US Supreme Court rejects Guantanamo detainee's appeal

Microsoft Email-Access Fight With US Gets Supreme Court Review

In 2016, the Second Circuit Court of Appeals ruled in favor of Microsoft, asserting that a 1986 law, the Electronic Communications Privacy Act (ECPA), was not meant to grant law enforcement access to internationally-stored data. Microsoft will go head-to-head with the Justice Department, arguing that the agency can not use a warrant to collect emails held in Microsoft's Ireland data center.

The current state of the law doesn't mean that USA law enforcement has no access to data stored on foreign servers. It said if forced to do so, it would lead to claims from other countries about data stored here.

At issue is whether the emails are beyond the reach of domestic search warrants issued under the Stored Communications Act, the Washington Post, the New York Times, Bloomberg News and the National Law Journal (sub. req.) report. The full circuit then split evenly on whether that decision was correct. The government contends a US -based company that receives a subpoena must turn over materials within its control, even if the materials are stored overseas.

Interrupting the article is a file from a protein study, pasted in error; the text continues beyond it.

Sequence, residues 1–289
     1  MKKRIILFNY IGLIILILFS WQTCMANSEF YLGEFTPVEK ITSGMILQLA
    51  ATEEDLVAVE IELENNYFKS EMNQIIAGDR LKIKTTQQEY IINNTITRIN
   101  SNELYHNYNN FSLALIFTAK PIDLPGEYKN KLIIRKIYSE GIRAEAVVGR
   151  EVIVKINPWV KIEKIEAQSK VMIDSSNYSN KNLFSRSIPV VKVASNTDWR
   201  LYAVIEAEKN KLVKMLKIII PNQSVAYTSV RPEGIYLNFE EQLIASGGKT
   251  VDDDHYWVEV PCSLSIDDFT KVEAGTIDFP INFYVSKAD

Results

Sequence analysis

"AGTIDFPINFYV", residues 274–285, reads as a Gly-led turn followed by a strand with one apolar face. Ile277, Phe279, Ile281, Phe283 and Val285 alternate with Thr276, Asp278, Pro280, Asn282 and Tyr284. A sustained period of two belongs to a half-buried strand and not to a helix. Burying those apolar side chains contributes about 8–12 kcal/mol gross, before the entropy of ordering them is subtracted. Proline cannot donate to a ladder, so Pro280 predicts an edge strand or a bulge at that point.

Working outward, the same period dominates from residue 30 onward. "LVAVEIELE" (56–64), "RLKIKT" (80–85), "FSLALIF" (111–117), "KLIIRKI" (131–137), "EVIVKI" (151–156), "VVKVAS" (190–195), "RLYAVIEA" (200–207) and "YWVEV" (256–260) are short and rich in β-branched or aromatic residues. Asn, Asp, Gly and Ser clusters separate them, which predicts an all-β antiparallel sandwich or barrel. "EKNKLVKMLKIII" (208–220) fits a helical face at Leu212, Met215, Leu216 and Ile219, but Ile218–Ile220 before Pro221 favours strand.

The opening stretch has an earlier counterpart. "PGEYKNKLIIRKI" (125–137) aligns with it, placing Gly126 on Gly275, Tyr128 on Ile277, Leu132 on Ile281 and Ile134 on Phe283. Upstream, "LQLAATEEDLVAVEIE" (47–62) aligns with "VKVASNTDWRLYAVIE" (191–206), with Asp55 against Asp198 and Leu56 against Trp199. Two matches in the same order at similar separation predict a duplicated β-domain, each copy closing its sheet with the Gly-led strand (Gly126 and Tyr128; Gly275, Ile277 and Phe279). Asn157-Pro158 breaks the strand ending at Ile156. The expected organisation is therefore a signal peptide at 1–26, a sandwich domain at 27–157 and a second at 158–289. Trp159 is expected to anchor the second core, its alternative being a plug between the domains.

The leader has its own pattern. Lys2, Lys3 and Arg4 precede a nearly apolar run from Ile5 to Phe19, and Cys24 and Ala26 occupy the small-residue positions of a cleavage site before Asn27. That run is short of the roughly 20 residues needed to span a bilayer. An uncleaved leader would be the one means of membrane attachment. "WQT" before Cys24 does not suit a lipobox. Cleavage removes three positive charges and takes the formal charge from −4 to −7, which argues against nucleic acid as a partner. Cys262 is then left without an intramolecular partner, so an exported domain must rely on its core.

Microsoft released all of the information stored in the United States, but refused to do the same for emails hosted in Ireland.

"The government was right to appeal to Congress for the same reason it is wrong to ask this court to intervene now: Under this court's settled extraterritoriality doctrine, revising a federal statute to account for the globalization of data is a job for Congress, not courts", the company wrote.

The case attracted significant attention from technology and media companies concerned that a ruling favoring the government could jeopardize the privacy of customers and make them less likely to use cloud services because of concern that data could be seized.

The lower court said a 1986 law that protects the privacy of electronic communications - and carves out an exception for law enforcement needs - doesn't extend to data kept in other countries.

The Justice Department filed a motion to take the case to the Supreme Court in June.

The U.S. government had sought the emails in a drug trafficking investigation.

In the appeals court, Microsoft was supported by dozens of technology and media companies including Amazon, Apple, CNN and Verizon Communications, as well as the American Civil Liberties Union and the U.S. Chamber of Commerce business group.

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